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Workshop
Kernel Learning: Automatic Selection of Optimal Kernels
Corinna Cortes · Arthur Gretton · Gert Lanckriet · Mehryar Mohri · Afshin Rostamizadeh

Sat Dec 07:30 AM -- 06:30 PM PST @ Westin: Nordic
Event URL: http://www.cs.nyu.edu/learning_kernels »

Kernel methods are widely used to address a variety of learning tasks including classification, regression, ranking, clustering, and dimensionality reduction. The appropriate choice of a kernel is often left to the user. But, poor selections may lead to sub-optimal performance. Furthermore, searching for an appropriate kernel manually may be a time-consuming and imperfect art. Instead, the kernel selection process can be included as part of the overall learning problem. In this way, better performance guarantees can be given and the kernel selection process can be made automatic. In this workshop, we will be concerned with using sampled data to select or learn a kernel function or kernel matrix appropriate for the specific task at hand. We will discuss several scenarios, including classification, regression, and ranking, where the use of kernels is ubiquitous, and different settings including inductive, transductive, or semi-supervised learning. We also invite discussions on the closely related fields of features selection and extraction, and are interested in exploring further the connection with these topics. The goal is to cover all questions related to the problem of learning kernels: different problem formulations, the computational efficiency and accuracy of the algorithms that address these problems and their different strengths and weaknesses, and the theoretical guarantees provided. What is the computational complexity? Does it work in practice? The formulation of some other learning problems, e.g. multi-task learning problems, is often very similar. These problems and their solutions will also be discussed in this workshop.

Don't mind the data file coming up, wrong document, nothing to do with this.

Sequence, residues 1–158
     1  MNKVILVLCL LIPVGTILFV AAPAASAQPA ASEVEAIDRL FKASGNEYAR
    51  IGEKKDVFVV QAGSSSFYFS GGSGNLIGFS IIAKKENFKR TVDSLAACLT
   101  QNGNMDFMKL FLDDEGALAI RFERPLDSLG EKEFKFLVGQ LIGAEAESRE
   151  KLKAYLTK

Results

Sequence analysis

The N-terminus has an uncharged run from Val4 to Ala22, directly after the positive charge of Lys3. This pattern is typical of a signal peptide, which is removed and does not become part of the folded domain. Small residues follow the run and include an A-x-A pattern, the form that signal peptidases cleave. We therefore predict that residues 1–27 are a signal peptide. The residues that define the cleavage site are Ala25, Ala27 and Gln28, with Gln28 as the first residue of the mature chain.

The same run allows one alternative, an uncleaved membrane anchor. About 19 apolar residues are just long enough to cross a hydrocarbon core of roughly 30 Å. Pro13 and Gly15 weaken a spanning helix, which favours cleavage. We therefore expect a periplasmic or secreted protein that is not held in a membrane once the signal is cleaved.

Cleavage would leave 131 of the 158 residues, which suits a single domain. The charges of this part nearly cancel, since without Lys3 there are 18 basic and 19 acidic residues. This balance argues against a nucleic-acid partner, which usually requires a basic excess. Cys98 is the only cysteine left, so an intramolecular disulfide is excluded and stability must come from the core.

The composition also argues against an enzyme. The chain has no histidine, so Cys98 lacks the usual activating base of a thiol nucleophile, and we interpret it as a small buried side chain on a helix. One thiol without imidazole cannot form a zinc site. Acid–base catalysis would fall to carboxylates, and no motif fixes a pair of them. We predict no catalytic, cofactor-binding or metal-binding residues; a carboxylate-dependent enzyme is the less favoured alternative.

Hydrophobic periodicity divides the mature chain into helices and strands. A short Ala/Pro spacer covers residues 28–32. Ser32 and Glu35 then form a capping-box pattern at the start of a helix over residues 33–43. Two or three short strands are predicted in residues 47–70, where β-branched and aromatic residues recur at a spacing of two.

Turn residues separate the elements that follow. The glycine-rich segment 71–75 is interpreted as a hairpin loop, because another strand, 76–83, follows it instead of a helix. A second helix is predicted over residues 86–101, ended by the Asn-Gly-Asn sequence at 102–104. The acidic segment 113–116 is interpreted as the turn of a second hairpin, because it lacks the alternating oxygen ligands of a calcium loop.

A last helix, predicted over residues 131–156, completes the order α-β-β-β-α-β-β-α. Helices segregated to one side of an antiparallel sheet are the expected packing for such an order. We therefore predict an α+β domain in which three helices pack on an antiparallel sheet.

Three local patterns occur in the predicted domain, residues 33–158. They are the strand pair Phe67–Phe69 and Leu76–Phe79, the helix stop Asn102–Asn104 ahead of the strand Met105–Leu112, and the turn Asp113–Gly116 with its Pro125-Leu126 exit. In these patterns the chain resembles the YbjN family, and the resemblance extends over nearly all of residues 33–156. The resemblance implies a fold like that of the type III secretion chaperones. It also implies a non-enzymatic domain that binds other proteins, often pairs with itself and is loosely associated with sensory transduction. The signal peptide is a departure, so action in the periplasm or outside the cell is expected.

Author Information

Corinna Cortes (Google Research)
Arthur Gretton (Gatsby Unit, UCL)

Arthur Gretton is a Professor with the Gatsby Computational Neuroscience Unit at UCL. He received degrees in Physics and Systems Engineering from the Australian National University, and a PhD with Microsoft Research and the Signal Processing and Communications Laboratory at the University of Cambridge. He previously worked at the MPI for Biological Cybernetics, and at the Machine Learning Department, Carnegie Mellon University. Arthur's recent research interests in machine learning include the design and training of generative models, both implicit (e.g. GANs) and explicit (high/infinite dimensional exponential family models), nonparametric hypothesis testing, and kernel methods. He has been an associate editor at IEEE Transactions on Pattern Analysis and Machine Intelligence from 2009 to 2013, an Action Editor for JMLR since April 2013, an Area Chair for NeurIPS in 2008 and 2009, a Senior Area Chair for NeurIPS in 2018, an Area Chair for ICML in 2011 and 2012, and a member of the COLT Program Committee in 2013. Arthur was program chair for AISTATS in 2016 (with Christian Robert), tutorials chair for ICML 2018 (with Ruslan Salakhutdinov), workshops chair for ICML 2019 (with Honglak Lee), program chair for the Dali workshop in 2019 (with Krikamol Muandet and Shakir Mohammed), and co-organsier of the Machine Learning Summer School 2019 in London (with Marc Deisenroth).

Gert Lanckriet (U.C. San Diego)
Mehryar Mohri (Courant Inst. of Math. Sciences & Google Research)
Afshin Rostamizadeh (Google Research)

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